So one of his sons should be fit for the task right?
It turns out, his sons are morons. hooligans, corrupt, incompetent....
So, Eli, distraught by his own problems, hears this woman Hannah’s problems, and says he will join in praying for her.
He’s probably thinking:
“You want a son? Go ahead! May God grant your desire and see if that makes you happy...just look at me, sheesh!”
See the irony of the story:
Hannah has committed to raising a child worthy of a higher calling, which Eli doesn’t know.
Once she has this child, she hands him off to Eli to raise, and
Depiction of Eli and Samuel, John Singleton Copley, 1780
Slide: Eli would raise this boy who would take the power away from his own sons;
Eli would raise the great prophet of Israel, who would end the period of Judges, and transition the people to a rule by kings. His name would be Samuel.
Eli does this faithfully because he knows he is not in control...God is in control…
This is not Eli’s story, this is God’s story.
The future of Samuel, and the future of Israel, came from the unintended consequences of a little ridiculing from Penni. a few prayers from Hannah. a small blessing from Eli.
Eugene Peterson The Message, “Introduction of 1-2 Samuel”:
“,,,these stories remind us of the actual business of living: this is what it means to be human. ….
remind us that what it means to be a [human--created by God,] mostly has to do with God.
Stories of the bible, [of Hanna, of Jesus] help us to realize that our ego-bound experience is too small to understand what it means to believe in God and follow in his ways.
[The story of Hannah, the apocalyptic vision of Jesus] do not show us how we should live but how in fact we do live;
our daily experience [is] the stuff that God uses to work out [God’s own] purposes…
purposes of salvation, purposes of redemption in us and in the world.
rumors of wars, nations against nation. it’s out of our control, but in the midst of it all, we can set our desire on pleasing God and living faithful committed lives.
As Eugene Peterson says, God is the commanding and accompanying presence that provides plot and texture to every sentence written [about our lives]...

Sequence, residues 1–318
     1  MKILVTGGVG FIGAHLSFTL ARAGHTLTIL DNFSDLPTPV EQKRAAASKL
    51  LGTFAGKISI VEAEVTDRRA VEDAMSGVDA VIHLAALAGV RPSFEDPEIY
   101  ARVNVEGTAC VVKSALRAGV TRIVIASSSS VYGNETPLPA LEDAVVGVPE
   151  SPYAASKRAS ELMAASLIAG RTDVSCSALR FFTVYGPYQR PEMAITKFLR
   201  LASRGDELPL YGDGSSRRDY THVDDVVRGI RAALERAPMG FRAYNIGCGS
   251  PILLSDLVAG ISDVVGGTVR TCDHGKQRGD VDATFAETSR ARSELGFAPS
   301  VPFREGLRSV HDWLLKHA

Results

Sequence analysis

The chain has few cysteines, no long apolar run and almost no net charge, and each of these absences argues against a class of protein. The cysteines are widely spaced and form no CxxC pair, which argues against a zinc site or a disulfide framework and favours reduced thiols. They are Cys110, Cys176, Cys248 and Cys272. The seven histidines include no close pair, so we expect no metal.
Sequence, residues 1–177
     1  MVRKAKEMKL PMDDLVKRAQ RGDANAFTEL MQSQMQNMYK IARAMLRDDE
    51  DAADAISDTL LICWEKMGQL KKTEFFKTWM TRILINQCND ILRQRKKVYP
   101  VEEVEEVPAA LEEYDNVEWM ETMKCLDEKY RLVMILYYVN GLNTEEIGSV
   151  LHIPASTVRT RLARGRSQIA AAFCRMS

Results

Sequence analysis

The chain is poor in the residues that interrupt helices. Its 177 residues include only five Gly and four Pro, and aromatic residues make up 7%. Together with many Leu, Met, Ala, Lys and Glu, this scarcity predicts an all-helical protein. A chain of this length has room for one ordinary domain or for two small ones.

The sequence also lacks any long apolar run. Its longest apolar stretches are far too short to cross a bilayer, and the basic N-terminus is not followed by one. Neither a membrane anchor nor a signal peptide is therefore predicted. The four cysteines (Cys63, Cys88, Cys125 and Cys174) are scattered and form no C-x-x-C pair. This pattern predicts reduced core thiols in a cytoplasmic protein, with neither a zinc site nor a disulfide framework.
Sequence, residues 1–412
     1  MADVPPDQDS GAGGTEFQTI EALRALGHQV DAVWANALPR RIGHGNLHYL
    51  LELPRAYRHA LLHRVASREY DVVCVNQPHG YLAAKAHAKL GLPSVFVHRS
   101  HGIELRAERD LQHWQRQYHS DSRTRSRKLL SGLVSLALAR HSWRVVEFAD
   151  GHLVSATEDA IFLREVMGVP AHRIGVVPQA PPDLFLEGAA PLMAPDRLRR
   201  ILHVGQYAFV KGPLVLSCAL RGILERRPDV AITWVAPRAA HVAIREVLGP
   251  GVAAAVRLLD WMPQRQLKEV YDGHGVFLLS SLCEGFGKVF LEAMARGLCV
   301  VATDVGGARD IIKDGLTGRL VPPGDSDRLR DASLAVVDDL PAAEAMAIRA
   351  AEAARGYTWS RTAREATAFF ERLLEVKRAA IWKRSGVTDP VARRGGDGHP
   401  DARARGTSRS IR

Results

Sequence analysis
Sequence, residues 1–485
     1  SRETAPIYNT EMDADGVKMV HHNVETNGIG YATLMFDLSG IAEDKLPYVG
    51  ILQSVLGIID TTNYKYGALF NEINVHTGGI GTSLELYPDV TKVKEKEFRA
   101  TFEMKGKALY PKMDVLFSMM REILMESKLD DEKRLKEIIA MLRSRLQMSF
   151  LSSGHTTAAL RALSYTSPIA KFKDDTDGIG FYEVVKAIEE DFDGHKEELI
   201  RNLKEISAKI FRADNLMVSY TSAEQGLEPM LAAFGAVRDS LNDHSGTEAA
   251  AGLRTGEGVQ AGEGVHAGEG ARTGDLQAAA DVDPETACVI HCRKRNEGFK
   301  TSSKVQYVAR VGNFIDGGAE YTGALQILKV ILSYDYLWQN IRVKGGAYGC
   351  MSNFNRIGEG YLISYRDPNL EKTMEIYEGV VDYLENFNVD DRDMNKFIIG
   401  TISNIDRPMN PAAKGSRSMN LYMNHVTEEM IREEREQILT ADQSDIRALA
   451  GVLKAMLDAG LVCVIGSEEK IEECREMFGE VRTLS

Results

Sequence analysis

We are given a place in this divine story unfolding, God’s story, as messy as it sometimes seems.
The way of faith, life in the spirit, is not so much to present us with a moral code, that if we follow it right, things will go our way;
Life in the spirit is not adhering to a system of doctrine telling us if we just believe the right things life will go our way.
Life in the spirit, invites us, to “Live into this thing unfolding all around us.”
This messiness we see, the unpredictableness, the monotony, the joy, the struggle;
this is what it looks like to be human;
this is what is involved in entering and maturing as human beings.”
Don’t back away or retreat. Don’t give up, but come in.
This is God’s story, and we are invited in.
And we enter the spiritual path when it is our intention to participate, when it is our desire to please God.
Dr. Lauren Artress, studies Labyrinths of all things--having a Labyrinth here at this church is one of the greatest gifts we have.
She says: “All of the larger-than-life questions about our presence here on earth and what gifts we have to offer are spiritual questions.
To seek answers to these questions is to seek a sacred path. As we find our meaning and purpose we also realize that some invisible form of guidance has been leading us. We may not be able to recognize this in the moment, but in looking back over our lives we see the footprints of an invisible being that has guided us, challenged us, and carried us through times of crisis.”(Lauren Artress, Walking A Sacred Path, p. 7)
when we discover our story is actually God’s story,
we become aware of our participation in it. Our hearts may become set with the intention to please God.
It may lead to results we never could have predicted, but then, what actions do?
SLIDE This is why I love a prayer of Thomas Merton, who I think captures how we are to live with intention into God’s story, which can slowly become our story as well:
"My Lord God, I have no idea where I am going.
I do not see the road ahead of me.
I cannot know for certain where it will end. Nor do I really know myself...
and the fact that I think that I am following your will does not mean that I am actually doing so.
But I believe that the desire to please you does in fact please you.
And I hope I have that desire in all that I am doing.
I hope that I will never do anything apart from that desire. And I know that if I do this you will lead me by the right road, though I may know nothing about it.
Therefore I will trust you always, though I may seem to be lost and in the shadow of death.
I will not fear, for you are ever with me, and you will never leave me to face my perils alone."
- Thomas MertonTurn to your neighbor again and say, I desire to please God.
Let us pray.